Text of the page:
Purpose: To assess the dose-response relationship of vigorous physical activity (running distance, km·d−1) or cardiorespiratory fitness (meters-per-second pace during a 10-km footrace) to the risk for incident glaucoma.
Design: Prospective epidemiologic cohort study.
Methods: Participant-reported, physician-diagnosed incident glaucoma was compared with distance run per week and 10-km footrace performance in a cohort of 29,854 male runners without diabetes followed prospectively for 7.7 yr. The survival analyses were adjusted for age, hypertension, current and past cigarette use, and intakes of meat, fish, fruit, and alcohol.
Results: Two hundred incident glaucoma cases were reported during follow-up. The risk for reported glaucoma decreased 37% per meter per second increment in a 10-km race performance (P = 0.005). Relative to the least fit men (i.e., slowest, ≤3.5 m·s−1), the risk for incident-reported glaucoma declined 29% in those who ran 3.6-4.0 m·s−1 (P = 0.06), 54% for those who ran 4.1-4.5 m·s−1 (P = 0.001), 51% for those who ran 4.6-5.0 m·s−1 (P = 0.04), and glaucoma was nonexistent among the 781 men who exceeded 5.0 m·s−1 (P = 0.03). The risk for incident, reported glaucoma decreased 5% per kilometer per day run at baseline (P = 0.04), which remained significant when adjusted for the 10-km race performance (5% reduction per kilometer per day, P = 0.04), and both body mass index and race performance (P = 0.04). Baseline hypertension was unrelated to the incident glaucoma.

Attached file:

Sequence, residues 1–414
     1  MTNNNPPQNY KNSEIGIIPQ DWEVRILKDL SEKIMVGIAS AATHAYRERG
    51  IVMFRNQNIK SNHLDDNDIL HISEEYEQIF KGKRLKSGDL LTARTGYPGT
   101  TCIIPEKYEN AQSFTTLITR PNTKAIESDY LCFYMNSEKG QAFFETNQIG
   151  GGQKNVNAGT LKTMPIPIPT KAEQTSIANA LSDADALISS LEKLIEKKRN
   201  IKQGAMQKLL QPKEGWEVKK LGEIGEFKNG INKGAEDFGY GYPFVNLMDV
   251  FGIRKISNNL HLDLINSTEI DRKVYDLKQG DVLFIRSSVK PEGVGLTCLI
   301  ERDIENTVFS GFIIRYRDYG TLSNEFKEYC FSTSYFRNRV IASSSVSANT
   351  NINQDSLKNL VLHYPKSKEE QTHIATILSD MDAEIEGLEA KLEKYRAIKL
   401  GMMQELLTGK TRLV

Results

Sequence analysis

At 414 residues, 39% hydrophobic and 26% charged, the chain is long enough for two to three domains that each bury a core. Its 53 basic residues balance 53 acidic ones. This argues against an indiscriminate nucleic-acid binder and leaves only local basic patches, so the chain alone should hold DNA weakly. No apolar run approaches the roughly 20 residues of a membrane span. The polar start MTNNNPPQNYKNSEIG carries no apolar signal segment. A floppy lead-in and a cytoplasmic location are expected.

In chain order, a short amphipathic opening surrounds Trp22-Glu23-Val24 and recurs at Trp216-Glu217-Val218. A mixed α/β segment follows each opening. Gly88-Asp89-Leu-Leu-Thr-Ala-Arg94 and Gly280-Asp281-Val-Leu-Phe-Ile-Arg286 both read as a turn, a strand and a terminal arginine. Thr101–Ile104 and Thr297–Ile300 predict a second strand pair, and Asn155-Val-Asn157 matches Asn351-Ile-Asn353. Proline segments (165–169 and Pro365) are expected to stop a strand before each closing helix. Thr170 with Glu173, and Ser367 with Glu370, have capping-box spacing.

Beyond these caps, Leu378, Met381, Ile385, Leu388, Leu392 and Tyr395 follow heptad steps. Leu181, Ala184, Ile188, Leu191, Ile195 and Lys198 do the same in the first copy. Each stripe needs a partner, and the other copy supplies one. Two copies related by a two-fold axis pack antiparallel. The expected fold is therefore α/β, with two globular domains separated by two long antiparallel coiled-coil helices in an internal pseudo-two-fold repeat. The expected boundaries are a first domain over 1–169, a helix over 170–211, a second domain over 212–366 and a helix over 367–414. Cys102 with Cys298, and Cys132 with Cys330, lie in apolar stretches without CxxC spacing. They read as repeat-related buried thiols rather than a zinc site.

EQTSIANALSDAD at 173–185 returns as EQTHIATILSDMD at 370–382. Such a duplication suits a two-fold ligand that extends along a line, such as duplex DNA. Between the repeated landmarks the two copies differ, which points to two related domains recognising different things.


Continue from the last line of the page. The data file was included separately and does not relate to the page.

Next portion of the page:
Conclusions: These data provide preliminary evidence that vigorous physicalactivity may reduce glaucoma risk, which, in the absence of medical record validation, could represent ocular hypertensionin addition to frank glaucoma. Additional follow-up with validation is needed to identify the type of glaucoma affected.